|JOHNNY D. JORDAN,
JO ANNE B. BARNHART, Commissioner, Social Security Administration,
Mr. Jordan alleges that he has been disabled since July 1996, when he underwent a five-vessel coronary bypass graft procedure. His alleged health problems include hypertension, high cholesterol and blood pressure, breathing difficulties, lower-extremity edema, obesity, dizziness upon bending at the waist, sleep apnea, lack of stamina, depression, emotional difficulties, and memory loss.
An administrative law judge (ALJ) held a hearing at which Mr. Jordan was represented by counsel. In addition to Mr. Jordan's testimony, the ALJ received testimony from a vocational expert (VE) about the jobs that Mr. Jordan had held in the past. The VE termed these jobs to be contractor, sales superintendent, and retail store manager of a mini-storage facility and classified them as requiring the capacity for light work.
To reach her determination, the ALJ applied the five-part sequential evaluation process. See Fischer-Ross v. Barnhart, 431 F.3d 729, 731 (10th Cir. 2005) (describing the five steps). She decided at step two that Mr. Jordan did not have a severe mental impairment but that he did have severe physical impairments. At step four, the ALJ determined that Mr. Jordan retained the residual functional capacity (RFC) to perform his past relevant positions.
The Appeals Council denied review, thus making the ALJ's decision the final decision of the Commissioner. See Jensen v. Barnhart, 436 F.3d 1163, 1164 (10th Cir. 2006). On judicial review, the matter was referred to a magistrate judge, see 28 U.S.C. § 636(b), who issued a report recommending that the Commissioner's decision be upheld. The district court adopted the report as its findings and order. This appeal followed.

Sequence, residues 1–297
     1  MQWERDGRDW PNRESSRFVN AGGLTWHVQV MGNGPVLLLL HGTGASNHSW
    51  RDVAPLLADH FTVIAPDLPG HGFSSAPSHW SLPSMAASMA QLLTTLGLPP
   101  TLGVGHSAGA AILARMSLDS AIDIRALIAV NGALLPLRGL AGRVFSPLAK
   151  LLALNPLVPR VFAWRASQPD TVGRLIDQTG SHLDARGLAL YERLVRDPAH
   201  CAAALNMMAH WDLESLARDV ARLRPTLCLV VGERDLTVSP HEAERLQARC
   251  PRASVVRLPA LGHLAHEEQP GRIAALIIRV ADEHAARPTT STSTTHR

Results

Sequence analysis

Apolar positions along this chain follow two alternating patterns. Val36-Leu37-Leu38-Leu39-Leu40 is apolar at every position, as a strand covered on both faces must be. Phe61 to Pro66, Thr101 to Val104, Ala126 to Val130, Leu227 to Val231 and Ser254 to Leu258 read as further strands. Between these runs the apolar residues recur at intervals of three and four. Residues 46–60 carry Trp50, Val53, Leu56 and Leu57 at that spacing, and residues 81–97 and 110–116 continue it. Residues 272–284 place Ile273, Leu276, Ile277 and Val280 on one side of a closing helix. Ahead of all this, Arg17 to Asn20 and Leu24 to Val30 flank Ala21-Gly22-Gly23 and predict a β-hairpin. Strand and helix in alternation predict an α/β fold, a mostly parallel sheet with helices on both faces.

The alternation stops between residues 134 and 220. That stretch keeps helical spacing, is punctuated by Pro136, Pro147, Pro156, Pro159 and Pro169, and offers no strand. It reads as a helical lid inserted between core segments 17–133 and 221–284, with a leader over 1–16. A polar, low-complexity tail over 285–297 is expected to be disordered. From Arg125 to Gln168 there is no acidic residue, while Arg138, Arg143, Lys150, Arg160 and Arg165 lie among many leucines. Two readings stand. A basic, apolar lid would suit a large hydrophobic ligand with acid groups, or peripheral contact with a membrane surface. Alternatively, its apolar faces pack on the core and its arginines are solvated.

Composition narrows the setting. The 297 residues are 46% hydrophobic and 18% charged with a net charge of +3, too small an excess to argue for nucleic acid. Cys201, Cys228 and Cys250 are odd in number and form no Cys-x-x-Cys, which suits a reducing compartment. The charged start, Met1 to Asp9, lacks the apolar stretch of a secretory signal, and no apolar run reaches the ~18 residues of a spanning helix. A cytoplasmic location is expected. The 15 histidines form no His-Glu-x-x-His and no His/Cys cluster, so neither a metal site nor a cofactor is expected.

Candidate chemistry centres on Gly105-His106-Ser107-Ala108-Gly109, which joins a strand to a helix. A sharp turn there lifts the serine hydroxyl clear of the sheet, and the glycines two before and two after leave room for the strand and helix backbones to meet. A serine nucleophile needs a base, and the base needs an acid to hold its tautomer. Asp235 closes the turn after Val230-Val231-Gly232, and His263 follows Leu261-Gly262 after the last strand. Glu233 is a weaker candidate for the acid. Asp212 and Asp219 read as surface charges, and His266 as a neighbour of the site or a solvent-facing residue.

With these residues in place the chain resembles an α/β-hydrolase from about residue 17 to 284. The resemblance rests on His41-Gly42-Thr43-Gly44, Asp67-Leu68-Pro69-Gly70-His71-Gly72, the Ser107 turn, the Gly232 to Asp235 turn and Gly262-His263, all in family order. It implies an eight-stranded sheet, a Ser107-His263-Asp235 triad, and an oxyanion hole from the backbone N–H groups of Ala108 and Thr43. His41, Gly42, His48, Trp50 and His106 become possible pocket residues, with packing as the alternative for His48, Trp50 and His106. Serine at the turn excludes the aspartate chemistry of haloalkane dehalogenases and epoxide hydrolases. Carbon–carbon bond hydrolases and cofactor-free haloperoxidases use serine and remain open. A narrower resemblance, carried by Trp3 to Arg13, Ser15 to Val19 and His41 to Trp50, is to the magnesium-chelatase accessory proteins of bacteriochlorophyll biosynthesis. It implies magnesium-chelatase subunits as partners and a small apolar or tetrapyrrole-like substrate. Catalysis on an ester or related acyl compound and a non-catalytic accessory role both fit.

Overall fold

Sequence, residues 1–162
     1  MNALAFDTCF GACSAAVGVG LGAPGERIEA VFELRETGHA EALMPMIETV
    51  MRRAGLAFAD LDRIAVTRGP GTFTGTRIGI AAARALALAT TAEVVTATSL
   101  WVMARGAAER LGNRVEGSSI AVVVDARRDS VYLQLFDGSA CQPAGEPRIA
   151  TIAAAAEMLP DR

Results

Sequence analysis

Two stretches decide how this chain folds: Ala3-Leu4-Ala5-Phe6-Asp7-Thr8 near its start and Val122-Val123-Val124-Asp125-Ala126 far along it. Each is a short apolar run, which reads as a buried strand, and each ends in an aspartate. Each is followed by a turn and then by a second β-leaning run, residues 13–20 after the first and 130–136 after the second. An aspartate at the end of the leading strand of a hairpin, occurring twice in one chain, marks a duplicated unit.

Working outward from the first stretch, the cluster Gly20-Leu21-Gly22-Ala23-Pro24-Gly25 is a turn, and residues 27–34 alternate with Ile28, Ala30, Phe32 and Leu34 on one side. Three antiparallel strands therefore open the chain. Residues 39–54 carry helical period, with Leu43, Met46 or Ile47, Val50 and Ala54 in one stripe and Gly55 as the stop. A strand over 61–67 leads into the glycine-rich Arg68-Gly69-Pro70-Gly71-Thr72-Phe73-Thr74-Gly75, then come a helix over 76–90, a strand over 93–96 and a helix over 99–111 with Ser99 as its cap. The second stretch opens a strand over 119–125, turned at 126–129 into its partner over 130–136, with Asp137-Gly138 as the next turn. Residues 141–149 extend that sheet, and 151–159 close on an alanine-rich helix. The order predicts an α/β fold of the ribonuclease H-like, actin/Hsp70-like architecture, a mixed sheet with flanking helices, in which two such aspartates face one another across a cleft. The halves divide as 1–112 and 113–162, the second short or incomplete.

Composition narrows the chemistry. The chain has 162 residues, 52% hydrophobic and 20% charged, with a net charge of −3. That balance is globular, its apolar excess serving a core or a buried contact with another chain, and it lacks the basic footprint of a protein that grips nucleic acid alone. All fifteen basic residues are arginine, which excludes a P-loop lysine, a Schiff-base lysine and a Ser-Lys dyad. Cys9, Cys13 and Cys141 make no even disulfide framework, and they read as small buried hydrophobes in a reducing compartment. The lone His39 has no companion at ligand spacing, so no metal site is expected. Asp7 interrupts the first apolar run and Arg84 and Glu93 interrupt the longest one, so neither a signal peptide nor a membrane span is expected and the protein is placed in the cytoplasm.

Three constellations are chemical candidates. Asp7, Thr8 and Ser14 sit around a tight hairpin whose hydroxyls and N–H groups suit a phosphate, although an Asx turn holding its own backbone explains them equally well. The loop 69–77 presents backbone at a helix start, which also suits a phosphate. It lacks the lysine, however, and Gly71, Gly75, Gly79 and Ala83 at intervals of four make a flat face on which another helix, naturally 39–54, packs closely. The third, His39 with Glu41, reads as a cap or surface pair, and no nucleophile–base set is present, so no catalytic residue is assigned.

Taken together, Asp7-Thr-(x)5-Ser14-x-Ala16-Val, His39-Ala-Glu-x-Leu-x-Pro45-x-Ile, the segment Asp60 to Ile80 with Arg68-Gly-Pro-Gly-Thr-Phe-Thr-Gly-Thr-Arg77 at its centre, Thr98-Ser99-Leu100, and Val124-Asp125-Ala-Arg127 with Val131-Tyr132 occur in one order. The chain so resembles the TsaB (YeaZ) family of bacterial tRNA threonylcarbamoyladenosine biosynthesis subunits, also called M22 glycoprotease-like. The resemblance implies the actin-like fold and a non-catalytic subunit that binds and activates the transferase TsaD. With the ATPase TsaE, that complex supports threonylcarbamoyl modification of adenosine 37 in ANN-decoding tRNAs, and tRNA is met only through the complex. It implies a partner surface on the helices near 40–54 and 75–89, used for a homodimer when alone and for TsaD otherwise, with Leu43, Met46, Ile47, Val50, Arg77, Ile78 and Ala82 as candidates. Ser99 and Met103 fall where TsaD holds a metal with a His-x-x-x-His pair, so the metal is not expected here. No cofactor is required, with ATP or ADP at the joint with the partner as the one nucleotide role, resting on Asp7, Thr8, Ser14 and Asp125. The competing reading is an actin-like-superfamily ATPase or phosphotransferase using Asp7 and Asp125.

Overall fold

Mr. Jordan's first contention on appeal is that the ALJ erred at step two of the evaluation process by failing to recognize that he had severe mental impairments. He asserts that the ALJ ignored evidence relevant to the issue: his weight gain; a consultative examiner's diagnosis of depression; medical-providers' notations of his reports of forgetfulness, irritability, and social difficulties; and his own testimony.
A claimant bears the burden at step two to present evidence that he has a medically severe impairment or combination of impairments. Bowen v. Yuckert, 482 U.S. 137, 146 & n.5 (1987). Although we have referred to the necessary showing as "de minimis," the claimant "must show more than the mere presence of a condition or ailment." Hinkle, 132 F.3d at 1352 (quotation omitted).